The South African Academy of Engineering (SAAE) has issued a statement raising its concerns about current developments in the electricity sector. “On the one hand there is the lapse of proper governance and prudent financial management in Eskom that has come to light in various forums over the last few months, and on the other hand the current focus on the rapid procurement of a fleet of nuclear power stations. Electricity is indeed required to improve both the quality of life of all our citizens as well as to provide power for a growing economy, however the proposed current developments are inappropriate and are not following due-process,” the organisation says.

SAAE calls for improvements in electricity sectorThe SAAE believes that there are a number of factors that have not been considered and that will strongly influence the supply of power over the next few years. First is the fact that there will be an oversupply of electricity until at least 2022, so that all additional capacity installed during the next five years will essentially be redundant, with inevitable adverse economic impacts.

Second is the impact on the coal price, and thus on the price of energy, that results from Eskom’s policy of purchasing low-quality coal from small miners at high prices and medium quality coal from large, efficient miners at low prices. A major knock-on effect of this is underinvestment in large mines, and a consequent failure to develop essential new reserves, so that the risk of coal shortages by 2020 is high.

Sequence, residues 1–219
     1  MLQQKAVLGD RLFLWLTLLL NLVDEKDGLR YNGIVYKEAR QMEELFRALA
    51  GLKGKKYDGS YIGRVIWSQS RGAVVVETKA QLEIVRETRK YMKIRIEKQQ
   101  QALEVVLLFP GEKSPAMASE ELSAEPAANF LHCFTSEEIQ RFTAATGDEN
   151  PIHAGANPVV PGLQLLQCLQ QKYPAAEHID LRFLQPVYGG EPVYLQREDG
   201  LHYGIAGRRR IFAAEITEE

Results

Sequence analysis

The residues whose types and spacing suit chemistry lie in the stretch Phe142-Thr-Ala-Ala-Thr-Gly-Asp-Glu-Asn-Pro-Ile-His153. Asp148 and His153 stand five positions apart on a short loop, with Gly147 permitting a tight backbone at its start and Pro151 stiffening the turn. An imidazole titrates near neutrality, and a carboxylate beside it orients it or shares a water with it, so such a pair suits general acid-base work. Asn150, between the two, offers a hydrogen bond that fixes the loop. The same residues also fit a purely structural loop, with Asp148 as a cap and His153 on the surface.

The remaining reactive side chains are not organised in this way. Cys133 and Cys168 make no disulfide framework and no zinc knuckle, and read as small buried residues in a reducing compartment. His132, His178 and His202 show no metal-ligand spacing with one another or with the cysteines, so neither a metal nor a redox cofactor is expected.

In addition, the current prices of electricity from nuclear power stations are known to be higher than from many other sources, and the Integrated Resource Plan (IRP) has not been updated since 2011. Earlier this year, a number of organisations, including SAAE and the CSIR, raised concerns about a number of aspects of the draft IRP document.

“Therefore, the Executive Committee of the SAAE requests that in the interest of South Africa, the Department of Energy should cease to run the current ad hoc processes but rather engage with relevant research groups and industry associations in a well-planned, facilitated and documented process to discuss and agree on the best available input parameters for the modelling of alternative scenarios for the IRP so as to ensure that there is consensus on the assumptions. This could be achieved by establishing a technical forum where the various research groups and industry associations meet to discuss these issues. A new IRP can only be adopted after proper consultation in an open and transparent process,” the organisation states.

“The Department of Public Enterprises, as the controlling shareholder of Eskom, should be tasked to resolve the leadership and governance issues at Eskom as a matter of urgency. These issues pose a significant risk for the country on a number of fronts and need to be resolved as a matter of utmost urgency.”

The SAAE adds that no procurement of new electricity generation capacity, including nuclear power, should be legislated, determined or procured until there is national consensus on the new IRP. This sentiment was echoed in the organisation’s objections to the upcoming Energy Indaba. Described as “hastily planned and convened”, the SAAE called for a postponement of the event to allow for proper planning, including the release of a draft IRP “to allow meaningful participation by all relevant stakeholders”.

Image credit: Copyright: josefkubes / 123RF Stock Photo


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